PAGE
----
Along with the Hospitallers, the Knights Templar were one of two military orders founded after the success of the First Crusade, and that developed from humble origins into very powerful military organisations. The Knights Templars also became wealthy bankers, with vast estates across western Europe (including the Temple district of London, home to much of London’s legal establishment). However unlike the Hospitallers they were unable to survive the fall of the Crusader kingdoms, and the order was easily destroyed by Philip IV of France.
Eight articles look at the Templars, covering a wide range of topics from their military system to their reputation at the time. We start with a overview looking at their formation, their rise and their fall. Next is an unusual article in which the author focuses on why they chose to write about the Templars. The role of Bernard of Clairvaux is examined, looking at how he saw the Templars as a much more Christian and respectable way of organising the fighting forces of the Crusader kingdoms. A rather fun two page article gives ten obscure facts about them, including their rules about bad breath and the discovery of the very last Templars in 1340, thirty years after the order had been suppressed, living on the coast of the Black Sea after being taken prisoner at Acre! Next comes an examination of the Templar Rule, which guided them for almost two centuries. One article looks directly at their military performance, examining the battle of La Forbie of 1244, a major disaster that doomed the revived Kingdom of Jerusalem. It isn’t really possible to ignore the Templar’s survival in fiction, so this is examined in one article. Finally there is an examination of the arms and armour of a typical Templar knight.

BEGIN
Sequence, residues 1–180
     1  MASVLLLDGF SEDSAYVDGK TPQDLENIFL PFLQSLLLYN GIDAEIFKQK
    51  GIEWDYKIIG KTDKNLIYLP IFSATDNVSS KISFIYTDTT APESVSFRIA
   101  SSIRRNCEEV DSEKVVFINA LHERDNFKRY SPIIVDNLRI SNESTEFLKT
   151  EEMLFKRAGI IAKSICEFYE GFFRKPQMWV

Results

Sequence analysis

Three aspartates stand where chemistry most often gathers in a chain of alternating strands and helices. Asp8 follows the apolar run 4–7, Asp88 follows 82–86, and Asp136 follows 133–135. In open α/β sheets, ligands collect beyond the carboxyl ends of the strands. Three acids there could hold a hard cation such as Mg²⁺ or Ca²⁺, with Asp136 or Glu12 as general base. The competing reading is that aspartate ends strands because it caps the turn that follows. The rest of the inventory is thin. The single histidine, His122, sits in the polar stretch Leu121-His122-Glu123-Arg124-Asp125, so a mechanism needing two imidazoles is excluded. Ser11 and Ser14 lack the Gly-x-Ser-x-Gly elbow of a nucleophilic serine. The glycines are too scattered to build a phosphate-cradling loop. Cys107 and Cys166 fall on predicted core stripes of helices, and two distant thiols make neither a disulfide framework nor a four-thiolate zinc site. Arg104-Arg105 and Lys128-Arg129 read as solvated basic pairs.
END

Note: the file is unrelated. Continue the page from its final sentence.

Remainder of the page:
The final three articles move away from the theme. The first of these looks at Henry III’s siege of Bedford Castle in 1224, which benefits from being one of the better documented sieges of the period, allowing us to look at details that are otherwise lost. Next is a look at the Bellifortis of Conrod Kyeser or 1405, a book filled with designs for military machines, most of which were probably never built, but that do tell us what people imagined might be possible. Finally there is a brief examination of the military phrases used in an 11th century Latin textbook.
Who were the Templars? The rise and fall of a military order
Why I write about the Templars - None is more illustrious than it is
The new knighthood - Bernard of Clairvaux and the Templars
Ten facts about the Templars - from blood brothers to bad breath
The Rule - Military secrets of the Knights Templar
Crusader catastrophe - the battle of La Forbie
The afterlife of the Templars - Fighting injustice to ruling the world
Bernard's chosen - Forged in the furnace of holy war
Henry III vs Falkes de Breauté - The Siege of Bedford Castle in 1224
Bellifortis - Conrad Kyeser and his war-book
As useless as a pony in battle - 11th century military wit and wisdom